Thirty-four states, including Wyoming, will get part of a $440 million JUUL settlement.

The Natrona County School District Board of Trustees announced on Monday that NCSD will be included in the payouts, and while they don't know an exact amount yet, they are estimating the school district will receive between $50,000 to $100,000.

Prosecutors claimed that JUUL marketed its e-cigarettes to middle and high schoolers in the United States through advertisements featuring young people. They claim JUUL ads often failed to illuminate the negative side effects of vaping. The company bought ads with Nickelodeon and Cartoon Network.

Their flavors were also a topic of concern for investigators, including cucumber, creme, and mint -- for their candy-like appeal to youngsters.

On Nov. 18, 2018, Juul CEO Kevin Burns released the following statement:

"JUUL Labs is committed to improving the lives of the world’s one billion adult smokers, with the ultimate goal of eliminating cigarettes. While we have been working to solve that problem, another unintended and serious problem has developed – underage use of e-cigarettes, including JUUL.

"We don’t want anyone who doesn’t smoke, or already use nicotine, to use JUUL products. We certainly don’t want youth using the product. It is bad for public health, and it is bad for our mission. JUUL Labs and FDA share a common goal – preventing youth from initiating on nicotine. To paraphrase Commissioner Gottlieb, we want to be the off-ramp for adult smokers to switch from cigarettes, not an on-ramp for America’s youth to initiate on nicotine. We won’t be successful in our mission to serve adult smokers if we don’t narrow the on-ramp.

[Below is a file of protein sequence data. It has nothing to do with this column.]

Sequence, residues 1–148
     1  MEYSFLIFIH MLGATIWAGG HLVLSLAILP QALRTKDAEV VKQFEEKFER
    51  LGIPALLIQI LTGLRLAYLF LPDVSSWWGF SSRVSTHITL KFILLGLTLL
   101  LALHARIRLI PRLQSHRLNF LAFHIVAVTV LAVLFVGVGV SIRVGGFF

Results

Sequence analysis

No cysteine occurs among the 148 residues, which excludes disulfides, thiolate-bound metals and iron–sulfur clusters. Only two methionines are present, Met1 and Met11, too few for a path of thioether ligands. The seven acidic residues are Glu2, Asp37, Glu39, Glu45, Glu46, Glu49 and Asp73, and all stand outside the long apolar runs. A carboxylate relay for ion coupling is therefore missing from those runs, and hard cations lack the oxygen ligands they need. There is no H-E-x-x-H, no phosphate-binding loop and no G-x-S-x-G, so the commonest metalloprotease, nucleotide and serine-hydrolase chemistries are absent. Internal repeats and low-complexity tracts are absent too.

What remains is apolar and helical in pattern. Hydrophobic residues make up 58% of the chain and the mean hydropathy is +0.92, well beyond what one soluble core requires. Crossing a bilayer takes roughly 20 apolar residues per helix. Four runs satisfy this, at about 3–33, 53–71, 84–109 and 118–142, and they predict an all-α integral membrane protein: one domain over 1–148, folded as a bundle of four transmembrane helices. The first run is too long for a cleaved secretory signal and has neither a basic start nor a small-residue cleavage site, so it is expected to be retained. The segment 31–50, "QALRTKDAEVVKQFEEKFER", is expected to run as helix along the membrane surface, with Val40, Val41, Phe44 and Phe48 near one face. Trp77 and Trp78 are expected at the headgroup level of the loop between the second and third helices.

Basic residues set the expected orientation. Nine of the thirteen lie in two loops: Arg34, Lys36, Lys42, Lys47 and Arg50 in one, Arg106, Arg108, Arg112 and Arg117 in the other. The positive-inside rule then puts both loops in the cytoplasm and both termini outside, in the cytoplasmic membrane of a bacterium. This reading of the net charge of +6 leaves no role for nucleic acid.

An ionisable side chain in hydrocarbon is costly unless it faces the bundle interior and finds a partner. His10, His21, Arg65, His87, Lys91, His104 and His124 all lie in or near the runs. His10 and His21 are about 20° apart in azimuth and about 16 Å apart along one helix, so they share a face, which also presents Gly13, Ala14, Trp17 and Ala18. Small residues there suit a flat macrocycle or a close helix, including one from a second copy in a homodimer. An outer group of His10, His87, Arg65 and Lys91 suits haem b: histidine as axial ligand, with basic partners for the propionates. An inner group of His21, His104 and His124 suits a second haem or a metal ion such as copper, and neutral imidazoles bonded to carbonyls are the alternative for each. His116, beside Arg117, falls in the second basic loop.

"Our intent was never to have youth use JUUL products. But intent is not enough, the numbers are what matter, and the numbers tell us underage use of e-cigarette products is a problem. We must solve it.

"For us to successfully fulfill our mission of helping adult smokers, we must be trusted – and we must earn that trust. That starts with action, not words."

Read the action plan here.

Despite that, the U.S. Food and Drug Administration found that 1 in 10 middle and high-schoolers reported using e-cigarettes last year.

Co-founder of Parents Against Vaping E-Cigarettes Meredith Berkman said:

“Adults did not realize, but all the kids knew what Juul was because it was being marketed to them in their own schools. Also, on social media platforms that were for young people where adults were not.”

JUUL maintains that the claims against them are meritless but have agreed to the settlement to avoid a lengthy legal process.

The court has yet to determine whether or not JUUL can continue to sell its products.

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